EDITORS NOTE

Work that matters

If, When I was a boy, someone had told me that I would be a magazine editor when I was grown up, I would’ve probably given them a strange, confused look. While English was definitely one of my favourite subjects, I never considered a career in media or working on magazines. I was obsessed with sport, and I think all I really wanted to do was play county cricket in England, and then represent South Africa playing for the Proteas.

I also loved animals, so a plan B was to maybe become a vet, or perhaps a game ranger… Which young person ...
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Work that matters

If, When I was a boy, someone had told me that I would be a magazine editor when I was grown up, I would’ve probably given them a strange, confused look. While English was definitely one of my favourite subjects, I never considered a career in media or working on magazines. I was obsessed with sport, and I think all I really wanted to do was play county cricket in England, and then represent South Africa playing for the Proteas.

I also loved animals, so a plan B was to maybe become a vet, or perhaps a game ranger… Which young person in South Africa doesn’t dream of one day being a game ranger?

I didn’t quite make it to the top level of cricket, I didn’t have the heart, stomach, or grades to become a vet, and I quickly realised that being nice to tourists all the time wasn’t one of my character strengths, so game ranging was out of the question. My trajectory into the world of magazines was unexpected and a little unintentional, but I soon realised how much I enjoyed the work, and how it suited my personality. And here I am, almost 18 years later, having enjoyed a career that’s taken me along many of the back routes of Southern Africa, on several overseas trips, exposed me to the most interesting people, and given me the opportunity to drive hundreds of new cars, and try out countless clever gadgets, devices, power tools and inventions.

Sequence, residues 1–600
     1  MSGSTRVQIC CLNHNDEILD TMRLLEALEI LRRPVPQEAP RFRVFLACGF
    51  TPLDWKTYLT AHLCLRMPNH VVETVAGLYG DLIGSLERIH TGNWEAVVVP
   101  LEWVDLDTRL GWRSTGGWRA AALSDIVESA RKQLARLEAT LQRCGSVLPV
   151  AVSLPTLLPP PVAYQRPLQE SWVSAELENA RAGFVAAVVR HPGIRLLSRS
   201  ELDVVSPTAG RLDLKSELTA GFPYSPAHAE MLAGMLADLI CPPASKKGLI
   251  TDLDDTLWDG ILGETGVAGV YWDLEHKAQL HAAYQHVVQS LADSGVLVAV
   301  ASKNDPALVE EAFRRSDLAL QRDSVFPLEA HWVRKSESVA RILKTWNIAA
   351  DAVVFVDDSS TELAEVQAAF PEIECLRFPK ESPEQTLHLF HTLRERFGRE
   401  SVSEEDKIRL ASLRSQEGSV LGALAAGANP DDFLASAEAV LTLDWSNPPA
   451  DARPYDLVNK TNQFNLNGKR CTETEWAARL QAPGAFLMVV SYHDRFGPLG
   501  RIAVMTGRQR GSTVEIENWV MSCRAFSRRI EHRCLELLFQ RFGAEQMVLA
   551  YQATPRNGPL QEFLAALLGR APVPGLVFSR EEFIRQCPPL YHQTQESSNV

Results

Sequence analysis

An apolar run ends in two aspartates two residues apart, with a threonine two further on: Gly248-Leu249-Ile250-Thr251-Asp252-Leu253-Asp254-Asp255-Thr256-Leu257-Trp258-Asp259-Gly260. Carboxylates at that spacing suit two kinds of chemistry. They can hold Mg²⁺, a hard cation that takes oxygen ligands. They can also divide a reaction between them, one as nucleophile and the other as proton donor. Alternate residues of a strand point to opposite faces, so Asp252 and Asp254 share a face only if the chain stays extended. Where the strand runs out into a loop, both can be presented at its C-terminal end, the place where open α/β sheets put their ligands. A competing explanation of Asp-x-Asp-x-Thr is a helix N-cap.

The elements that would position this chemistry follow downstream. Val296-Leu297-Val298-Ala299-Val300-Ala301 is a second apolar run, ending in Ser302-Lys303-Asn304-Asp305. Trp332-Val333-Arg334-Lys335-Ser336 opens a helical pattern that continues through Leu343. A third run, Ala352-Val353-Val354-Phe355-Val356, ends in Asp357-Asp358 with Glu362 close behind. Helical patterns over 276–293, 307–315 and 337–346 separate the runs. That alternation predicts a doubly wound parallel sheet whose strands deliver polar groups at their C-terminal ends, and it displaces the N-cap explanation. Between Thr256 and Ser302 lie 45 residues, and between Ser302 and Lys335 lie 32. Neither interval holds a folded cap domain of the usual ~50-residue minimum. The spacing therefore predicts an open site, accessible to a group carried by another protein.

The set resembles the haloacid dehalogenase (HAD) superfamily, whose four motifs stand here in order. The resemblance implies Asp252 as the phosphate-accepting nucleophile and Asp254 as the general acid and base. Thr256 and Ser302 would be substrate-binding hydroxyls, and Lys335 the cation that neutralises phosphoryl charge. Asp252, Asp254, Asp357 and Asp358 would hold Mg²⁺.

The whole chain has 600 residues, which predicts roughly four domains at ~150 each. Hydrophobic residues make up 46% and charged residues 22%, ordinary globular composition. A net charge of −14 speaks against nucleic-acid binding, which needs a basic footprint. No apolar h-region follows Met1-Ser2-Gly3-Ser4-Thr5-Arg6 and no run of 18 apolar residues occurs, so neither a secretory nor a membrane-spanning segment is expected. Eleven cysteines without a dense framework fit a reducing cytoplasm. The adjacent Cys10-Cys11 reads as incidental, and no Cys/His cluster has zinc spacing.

Another thing my job as editor of POPULAR MECHANICS has shown me is there are more professions out there than I could ever have imagined. I look at my younger friends today and marvel at the types of work they do – their occupations most definitely never occurred to me when I was younger.

This issue’s short feature on ‘How to be good at what you do’ focuses on the owner of a skateboard-making company. His work resonated with me, because it also entails creating something tangible, that brings joy to others. If my work has taught me anything, it’s that I value being a part of something that’s worthwhile, that brings enjoyment to others. I realise that’s arbitrary, and that ‘worthwhile’ is subjective, but that doesn’t really matter, because that’s how I view it. Oh, I also thrive on the meticulous side of my work, ensuring a story reads well, and is highly accurate and grammatically correct.

If you think you do something that’s a little different, or you simply want to share the ins and outs of your career with others, please drop me a note at popularmechanics@ramsaymedia.co.za. I’d love to hear from you.show less